gccs14r 4 years, 7 months ago

The Missouri river was free-running in the 19th century and quickly buried the Arabia in anaerobic mud. The Arabia did not remain in the main channel, continually exposed to oxygen, moving sediment, and the pressure of flowing water.

notajayhawk 4 years, 7 months ago

"it was found intact with all of its cargo"

In a field, not in the river.

angel4dennis 4 years, 7 months ago

Congrats on the find Luke! This would be amazing if it really is that old. Wagon whells are not so common these days, lol. It definitely would be a great piece to add to the history of Lawrence. Can't wait to hear more!

budwhysir 4 years, 7 months ago

the wheels in the river go squeek squeek squeek

budwhysir 4 years, 7 months ago

today like yesterday I mentioned to my buddy fred that I wondered what happened to that wagon wheel he had in his front yard. He replied saying that on a dark foggy night a team of zombies came through and as the sun started to rise the borrowed his wagon wheel to move a wagon across the street. A promise of payment was made for rent and they signed a rental deed that declared they would return the wheel next month.

Sarah St. John 4 years, 7 months ago

Wait a minute, I think I figured it out!

(grumble grumble dang things falling in the river all the time mutter mumble)

Practicality 4 years, 7 months ago

Yeah, but I don't think that wagon fell in the river. I think it said they unhitched it on the bridge.

Dan Thalmann 4 years, 7 months ago

I guess I'm not getting why this is that big a deal. Here in rural Kansas (north central part) wagon wheels are all over the place as yard art, stored in sheds and barns, etc. Not common, but definitely not uncommon.

booyalab 4 years, 7 months ago

that's awesome, thanks for posting it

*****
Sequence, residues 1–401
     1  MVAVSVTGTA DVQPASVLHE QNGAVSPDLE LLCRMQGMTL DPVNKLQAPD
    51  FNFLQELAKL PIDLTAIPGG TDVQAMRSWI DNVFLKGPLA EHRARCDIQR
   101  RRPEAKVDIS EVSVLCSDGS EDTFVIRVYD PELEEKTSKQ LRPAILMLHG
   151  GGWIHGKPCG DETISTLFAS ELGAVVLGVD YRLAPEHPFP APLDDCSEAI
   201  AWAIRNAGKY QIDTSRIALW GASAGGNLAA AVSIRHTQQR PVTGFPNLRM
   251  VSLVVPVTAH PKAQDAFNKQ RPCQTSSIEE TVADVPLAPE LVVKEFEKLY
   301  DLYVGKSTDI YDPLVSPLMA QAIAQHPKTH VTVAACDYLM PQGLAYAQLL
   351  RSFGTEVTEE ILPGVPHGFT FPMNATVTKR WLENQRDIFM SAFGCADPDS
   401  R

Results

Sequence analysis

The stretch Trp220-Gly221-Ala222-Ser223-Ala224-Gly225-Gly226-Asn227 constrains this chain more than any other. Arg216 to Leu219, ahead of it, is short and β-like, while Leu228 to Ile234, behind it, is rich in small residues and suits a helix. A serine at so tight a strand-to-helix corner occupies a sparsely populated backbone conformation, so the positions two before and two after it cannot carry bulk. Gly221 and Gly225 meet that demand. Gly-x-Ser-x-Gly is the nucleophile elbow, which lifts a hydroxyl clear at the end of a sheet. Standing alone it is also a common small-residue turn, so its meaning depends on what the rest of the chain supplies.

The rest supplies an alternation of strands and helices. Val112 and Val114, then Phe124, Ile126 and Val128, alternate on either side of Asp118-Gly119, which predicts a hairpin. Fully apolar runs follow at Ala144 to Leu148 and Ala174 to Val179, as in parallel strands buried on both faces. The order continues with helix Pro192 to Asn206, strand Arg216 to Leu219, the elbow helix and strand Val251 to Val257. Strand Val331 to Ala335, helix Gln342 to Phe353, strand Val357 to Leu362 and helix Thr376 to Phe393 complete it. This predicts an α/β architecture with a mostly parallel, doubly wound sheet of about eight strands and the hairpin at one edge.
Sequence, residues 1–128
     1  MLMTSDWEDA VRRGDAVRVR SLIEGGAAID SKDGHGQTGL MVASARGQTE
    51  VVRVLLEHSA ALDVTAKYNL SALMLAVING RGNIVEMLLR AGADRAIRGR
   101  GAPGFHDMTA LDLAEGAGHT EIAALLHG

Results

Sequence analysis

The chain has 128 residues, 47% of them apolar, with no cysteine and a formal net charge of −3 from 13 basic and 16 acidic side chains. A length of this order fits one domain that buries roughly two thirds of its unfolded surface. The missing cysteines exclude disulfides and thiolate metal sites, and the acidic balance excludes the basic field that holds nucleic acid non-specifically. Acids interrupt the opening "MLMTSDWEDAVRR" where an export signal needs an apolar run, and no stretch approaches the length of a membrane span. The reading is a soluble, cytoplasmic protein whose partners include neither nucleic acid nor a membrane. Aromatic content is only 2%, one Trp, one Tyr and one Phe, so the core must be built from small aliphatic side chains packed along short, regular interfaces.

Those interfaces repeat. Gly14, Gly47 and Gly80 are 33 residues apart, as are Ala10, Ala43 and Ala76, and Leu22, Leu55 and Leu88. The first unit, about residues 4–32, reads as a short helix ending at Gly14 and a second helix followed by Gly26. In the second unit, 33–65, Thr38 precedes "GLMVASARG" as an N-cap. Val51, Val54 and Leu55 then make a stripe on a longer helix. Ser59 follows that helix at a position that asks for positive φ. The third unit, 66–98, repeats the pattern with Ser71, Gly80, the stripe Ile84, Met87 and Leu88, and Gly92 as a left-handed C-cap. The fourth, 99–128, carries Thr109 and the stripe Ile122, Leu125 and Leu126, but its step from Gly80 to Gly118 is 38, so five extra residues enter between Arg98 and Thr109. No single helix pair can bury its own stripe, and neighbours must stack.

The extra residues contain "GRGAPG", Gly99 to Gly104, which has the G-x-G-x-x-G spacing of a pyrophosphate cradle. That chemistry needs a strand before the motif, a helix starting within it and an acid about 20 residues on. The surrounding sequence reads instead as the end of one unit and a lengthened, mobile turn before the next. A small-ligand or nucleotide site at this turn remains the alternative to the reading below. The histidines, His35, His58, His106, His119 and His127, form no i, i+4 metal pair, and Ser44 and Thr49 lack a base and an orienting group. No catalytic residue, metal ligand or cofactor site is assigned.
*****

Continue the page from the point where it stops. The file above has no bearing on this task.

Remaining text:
from the link, "As elementary schools adopted revamped versions of the game in the '80s and early '90s, it skyrocketed to popularity with 11-year-olds everywhere who were more than happy to pretend they were actually learning something from a video game."

I played it when I was 7! I always knew I was gifted.

volleydad 4 years, 7 months ago

Best keep that wheel wet, or it'll self-destruct if it's been in the water that long.

bearded_gnome 4 years, 7 months ago

Sarah, from the details in your 100-years-ago story doesn't sound like Mrs. Farmer's wagon wound up in the drink. just some draft horses with sore backs who needed massage.


Rural Wanderer, here in lawrence people often forget their history. then when it shows up it like hits them in the face man.

Sarah St. John 4 years, 7 months ago

grin I know I know.... they did rescue Mrs. Farmer and her children. It is still pretty fresh in my mind (writing it, not witnessing it, of course. I'm not THAT old.) And yeah, my husband winced when he saw that they had to let the horses fall down. At least they survived!

independant1 4 years, 7 months ago

question? Will "big wheel keep on turnin, rollin on the river"

Kris_H 4 years, 7 months ago

If it's a piece of yard art, why is there apparently another one? Do folks have two yard art wheels, or whole wagons?

Interesting find, at least it's not a beer can or a water bottle.

Dan Thalmann 4 years, 7 months ago

Kris_H, Yes. Plenty of people with whole wagons (definitely in weathered form), 150 year old farm implements, etc. Several authentic wagons (the ones that stayed in sheds) still being pulled by horse teams in parades. Others, Take a trip west and drive around small towns for a change. There is still an obvious connection to the pioneer days gone by.

del888 4 years, 7 months ago

"The wheel was too heavy to pick up so he went home and started doing online research about wagon wheels". So.... is the wheel still in the river? Hope it doesn't rain tonight.

Brad Maestas 4 years, 7 months ago

Nice find, Luke! You really are a media whore. :D

blindrabbit 4 years, 7 months ago

Luke: Great find! You probably already know this; but to help preserve the wheel, make sure you keep it wet until you can stabilize it some way (maybe ethylene glycol mix). When I was working on the Patuxent River (Part of Chesapeake Bay) we dredged-up at British War of 1812 anchor, complete with wooden stock and anchor chair. We had it out of water about 12 hours and it began to deteriorate (both metal and wooden parts). A call to the Smithsonian gave us the advice on how to preserve the anchor; they eventually indicated they wanted for museum inclusion; we complied. Good luck!!

George_Braziller 4 years, 7 months ago

I'm surprised one of the Hill family allowed him to even set foot on the river. They seem to think they own it. I tried it once at low flow to walk onto a sandbar near the bridge and Hill came rushing out in his suit and tie to tell me I had to leave or I'd be arrested for trespassing.